Embattled Aviation Minister Lies Low In Israel

Nigeria’s embattled Minister of Aviation, Princess Stella Oduah, has kept a low profile in Israel where she is with President Goodluck Jonathan on an official visit, sources from the Jewish state said on Friday.

Stella Oduah and President Goodluck Jonathan together at a function - Embattled Aviation Minister Lies Low In Israel
Oduah, who is under probe over the purchase of two BMW bullet-proof cars at the outrageous sum of N255 million for her by the Nigerian Civil Aviation Authority, NCAA, withdrew to the background and out of sight in Israel on Thursday.

Unlike at previous public functions with the president where she featured prominently, Oduah kept to herself and avoided any form of publicity in Israel.

That was why she did not appear in most of the photographs of Nigeria’s delegation to Israel published on the front pages of leading national dailies on Friday.

Critics have said President Jonathan, after issuing a query to Oduah over the monumental financial scam rocking her ministry, shouldn’t have allowed her to be part of his delegation in Israel.

Oduah also angered members of the House of Representatives Committee on Aviation when she failed to show up on Thursday at a public hearing even after an invitation had been extended to her. The lawmakers said she must appear unfailingly before them on 29 October.

At the public hearing, the NCAA disclosed for the first time that the Ministry of Aviation duly approved the controversial purchase of the N255 million bullet-proof cars for Oduah.

The Director of Aerodrome at the NCAA, Joyce Daniel Nkem-Akonam, who was also the acting Director General of the agency when the transaction was done, said the ministry approved the car purchase.

He attempted to defend the purchase by telling members of the committee that since “leasing financing, not direct financing was adopted to procure the vehicles,” the agency breached no law.

But the Bureau for Public Procurement faulted him and said the purchase of the cars did not follow due process.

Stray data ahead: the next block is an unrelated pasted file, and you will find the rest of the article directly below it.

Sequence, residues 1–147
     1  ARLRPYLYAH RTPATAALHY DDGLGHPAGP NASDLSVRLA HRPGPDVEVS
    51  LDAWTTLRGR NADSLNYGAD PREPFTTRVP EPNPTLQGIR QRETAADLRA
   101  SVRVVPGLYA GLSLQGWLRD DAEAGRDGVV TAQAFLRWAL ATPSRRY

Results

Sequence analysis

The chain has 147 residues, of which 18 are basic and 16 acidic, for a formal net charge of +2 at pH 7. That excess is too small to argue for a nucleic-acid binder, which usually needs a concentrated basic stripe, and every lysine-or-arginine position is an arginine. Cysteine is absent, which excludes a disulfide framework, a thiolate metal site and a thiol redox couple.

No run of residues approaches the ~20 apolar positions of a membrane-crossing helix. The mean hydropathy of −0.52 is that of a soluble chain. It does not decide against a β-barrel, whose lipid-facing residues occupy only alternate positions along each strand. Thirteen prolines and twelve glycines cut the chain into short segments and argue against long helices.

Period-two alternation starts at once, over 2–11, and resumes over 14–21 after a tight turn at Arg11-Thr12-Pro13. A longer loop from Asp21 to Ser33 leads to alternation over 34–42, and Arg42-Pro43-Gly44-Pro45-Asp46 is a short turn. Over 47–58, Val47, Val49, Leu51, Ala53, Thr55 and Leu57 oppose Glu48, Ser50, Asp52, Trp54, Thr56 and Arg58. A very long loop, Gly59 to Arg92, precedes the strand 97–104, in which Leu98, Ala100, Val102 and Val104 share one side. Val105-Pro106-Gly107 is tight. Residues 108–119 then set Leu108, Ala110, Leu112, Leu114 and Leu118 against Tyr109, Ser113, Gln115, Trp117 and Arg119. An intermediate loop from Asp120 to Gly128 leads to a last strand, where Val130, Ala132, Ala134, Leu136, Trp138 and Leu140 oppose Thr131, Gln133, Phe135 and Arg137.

Ayo Aderigbigbe, who represented BPP Director General, told the committee that no ministry had powers to approve any expenditure above N100 million like in the bullet-proof vehicles case.

“A ministerial tenders board can approve expenditure of N100 million and below, but if it is above N100 million, it must go before the Federal Executive Council,” Aderigbigbe said.

He said the BPP was never contacted by the NCAA over the car purchase.

Fola Akinkuotu, NCAA Director General, who had at a press conference tried to justify the car purchase, told the committee members that he was not in charge when the controversial transaction was completed and did not have enough information.

He said he assumed duties on 14 August, after the deal was sealed.

Meanwhile, the All Progressives Congress, APC, and the Transition Monitoring Group have called on those investigating the matter to get to its root and punish all the culprits.

APC said it was shocked that it could be blamed for the public outrage following the scandal rocking Oduah’s ministry.

The spokesperson of the Federal Airports Authority of Nigeria, FAAN, Yakubu Dati, had blamed the APC for Oduah’s troubles.

But Lai Mohammed, APC Interim National Publicity Secretary, said Dati tried unsuccessfully to “play on President Goodluck Jonathan’s insecurity as far as 2015 elections are concerned.

“This is very insulting not only to Nigerians but also to the President himself, and it will not sell,” he said.

—Simon Ateba



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